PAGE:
On Oct. 31, the Illinois Liquor Control Commission ruled that Anheuser-Busch InBev (ABI) could continue to hold an interest in four Illinois distributorships despite a law enacted June 1, 2011, which prohibits brewers from owning distributorships. This ruling is contrary to public policy established by our Legislature and fully conflicts with Illinois' three-tier regulatory distribution system.|
Every state regulates alcohol by using some form of a three-tier regulatory system (manufacturer, distributor, and retailer). Distributors are intended to be an independent licensee separating a brewer from a retailer. Brewer ownership of a distributorship is vertical integration of the three-tier system thereby destroying the purpose of the three-tier system.
There are also concerns about Illinois' job loss. In 2008, ABI, a Belgium-based international corporation, slashed costs of the combined company by $1.1 billion on the backs of American workers -- they laid off 1,400 people, about 6 percent of their U.S. workforce.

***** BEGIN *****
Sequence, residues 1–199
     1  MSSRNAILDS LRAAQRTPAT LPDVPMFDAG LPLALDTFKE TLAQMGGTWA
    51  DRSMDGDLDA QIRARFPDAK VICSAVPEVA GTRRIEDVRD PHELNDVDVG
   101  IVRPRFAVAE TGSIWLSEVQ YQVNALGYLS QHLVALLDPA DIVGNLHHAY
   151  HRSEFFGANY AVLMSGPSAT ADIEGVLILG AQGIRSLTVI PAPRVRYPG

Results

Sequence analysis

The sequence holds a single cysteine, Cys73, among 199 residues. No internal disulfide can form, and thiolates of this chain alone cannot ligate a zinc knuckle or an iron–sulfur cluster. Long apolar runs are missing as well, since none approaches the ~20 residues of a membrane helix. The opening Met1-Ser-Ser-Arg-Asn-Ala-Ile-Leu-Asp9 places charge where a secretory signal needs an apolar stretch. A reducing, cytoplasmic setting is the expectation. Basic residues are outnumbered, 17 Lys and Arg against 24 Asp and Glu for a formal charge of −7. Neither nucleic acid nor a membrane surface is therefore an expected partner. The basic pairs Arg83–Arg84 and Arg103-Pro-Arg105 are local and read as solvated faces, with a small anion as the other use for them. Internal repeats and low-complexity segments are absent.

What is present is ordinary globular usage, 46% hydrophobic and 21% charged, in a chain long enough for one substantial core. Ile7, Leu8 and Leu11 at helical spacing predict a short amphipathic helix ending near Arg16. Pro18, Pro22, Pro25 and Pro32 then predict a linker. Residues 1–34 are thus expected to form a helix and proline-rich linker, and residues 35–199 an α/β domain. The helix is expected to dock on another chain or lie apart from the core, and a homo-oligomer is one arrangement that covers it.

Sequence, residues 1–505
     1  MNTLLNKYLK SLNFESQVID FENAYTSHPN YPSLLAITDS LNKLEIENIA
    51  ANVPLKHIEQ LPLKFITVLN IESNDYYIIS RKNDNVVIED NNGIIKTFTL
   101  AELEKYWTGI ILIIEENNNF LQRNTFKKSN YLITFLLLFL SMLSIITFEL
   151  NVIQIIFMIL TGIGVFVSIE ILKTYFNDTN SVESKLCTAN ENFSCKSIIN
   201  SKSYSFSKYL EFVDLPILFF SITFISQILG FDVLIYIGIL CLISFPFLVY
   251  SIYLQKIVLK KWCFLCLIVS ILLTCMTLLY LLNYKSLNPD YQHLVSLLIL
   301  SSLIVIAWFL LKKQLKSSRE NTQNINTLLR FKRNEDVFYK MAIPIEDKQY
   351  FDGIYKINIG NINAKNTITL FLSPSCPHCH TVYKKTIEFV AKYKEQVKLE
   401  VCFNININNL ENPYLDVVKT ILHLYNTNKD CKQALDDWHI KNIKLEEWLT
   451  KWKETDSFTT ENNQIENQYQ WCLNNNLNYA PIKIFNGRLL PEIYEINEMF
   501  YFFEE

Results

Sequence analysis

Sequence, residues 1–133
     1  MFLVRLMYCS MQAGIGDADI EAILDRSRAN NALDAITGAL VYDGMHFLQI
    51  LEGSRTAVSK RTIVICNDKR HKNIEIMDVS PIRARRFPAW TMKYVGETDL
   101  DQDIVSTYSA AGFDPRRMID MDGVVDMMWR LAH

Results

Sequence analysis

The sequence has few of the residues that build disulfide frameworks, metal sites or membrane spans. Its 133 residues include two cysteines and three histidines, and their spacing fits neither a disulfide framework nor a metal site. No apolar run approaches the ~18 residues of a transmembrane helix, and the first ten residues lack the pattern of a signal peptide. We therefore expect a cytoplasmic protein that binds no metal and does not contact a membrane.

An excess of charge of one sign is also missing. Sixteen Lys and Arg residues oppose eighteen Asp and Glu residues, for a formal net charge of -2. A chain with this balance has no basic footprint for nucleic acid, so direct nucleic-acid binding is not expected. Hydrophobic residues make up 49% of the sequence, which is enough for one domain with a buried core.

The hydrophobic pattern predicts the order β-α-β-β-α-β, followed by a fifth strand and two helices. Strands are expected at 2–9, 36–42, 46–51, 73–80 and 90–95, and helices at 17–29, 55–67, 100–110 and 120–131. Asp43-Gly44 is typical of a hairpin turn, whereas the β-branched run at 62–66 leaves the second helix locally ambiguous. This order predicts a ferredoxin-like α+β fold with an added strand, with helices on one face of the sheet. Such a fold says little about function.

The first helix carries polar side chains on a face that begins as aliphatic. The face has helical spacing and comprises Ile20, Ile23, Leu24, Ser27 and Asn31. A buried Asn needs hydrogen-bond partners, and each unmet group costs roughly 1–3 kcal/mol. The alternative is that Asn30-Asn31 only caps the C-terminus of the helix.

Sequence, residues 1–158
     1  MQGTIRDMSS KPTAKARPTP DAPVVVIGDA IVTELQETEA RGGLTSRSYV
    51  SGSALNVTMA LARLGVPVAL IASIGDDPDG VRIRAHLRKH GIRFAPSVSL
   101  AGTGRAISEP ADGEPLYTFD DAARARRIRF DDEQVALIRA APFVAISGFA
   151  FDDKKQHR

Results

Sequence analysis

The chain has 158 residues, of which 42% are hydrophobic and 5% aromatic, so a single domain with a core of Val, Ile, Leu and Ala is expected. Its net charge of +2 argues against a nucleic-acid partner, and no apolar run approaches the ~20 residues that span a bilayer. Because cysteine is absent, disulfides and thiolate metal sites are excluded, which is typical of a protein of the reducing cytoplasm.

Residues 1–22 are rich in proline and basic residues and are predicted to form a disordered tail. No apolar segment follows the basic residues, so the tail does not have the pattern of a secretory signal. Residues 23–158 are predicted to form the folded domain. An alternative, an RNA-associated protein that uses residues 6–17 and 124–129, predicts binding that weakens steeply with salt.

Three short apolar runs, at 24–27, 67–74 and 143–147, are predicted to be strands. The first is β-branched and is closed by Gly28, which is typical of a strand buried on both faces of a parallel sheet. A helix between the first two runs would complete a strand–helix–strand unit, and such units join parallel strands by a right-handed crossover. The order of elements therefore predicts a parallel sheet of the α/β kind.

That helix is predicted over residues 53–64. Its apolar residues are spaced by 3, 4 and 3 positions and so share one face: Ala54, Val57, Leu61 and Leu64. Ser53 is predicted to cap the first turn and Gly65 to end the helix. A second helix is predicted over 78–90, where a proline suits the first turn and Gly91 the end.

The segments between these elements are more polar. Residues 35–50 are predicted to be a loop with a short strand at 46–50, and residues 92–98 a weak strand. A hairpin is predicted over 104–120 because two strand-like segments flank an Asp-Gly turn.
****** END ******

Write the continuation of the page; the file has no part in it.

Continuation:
By 2011, ABI was able to pay off a significant portion of the $54 billion it had borrowed to finance the Anheuser-Busch takeover, and 40 executives split $1.3 billion in stock-option bonuses. Also interesting is that this foreign entity that reaps profits from North America has no North American on its board, particularly since in North America, ABI generates around 42 percent of its revenue.
The Associated Beer Distributors of Illinois, a not-for-profit trade association, represents the interests of its members who distribute beer of all brewers. Distributors are licensed by the state to import and distribute beer to licensed retailers. ABDI members employ more than 3,300 people across the state. They collect and pay $63 million each year in excise taxes to the state and pay more than $280 million in direct wages and health care benefits.
William D. Olson,
Associated Beer Distributors
Associated Beer Distributors of Illinois
East moline, IL Details
|(More Print Ads)|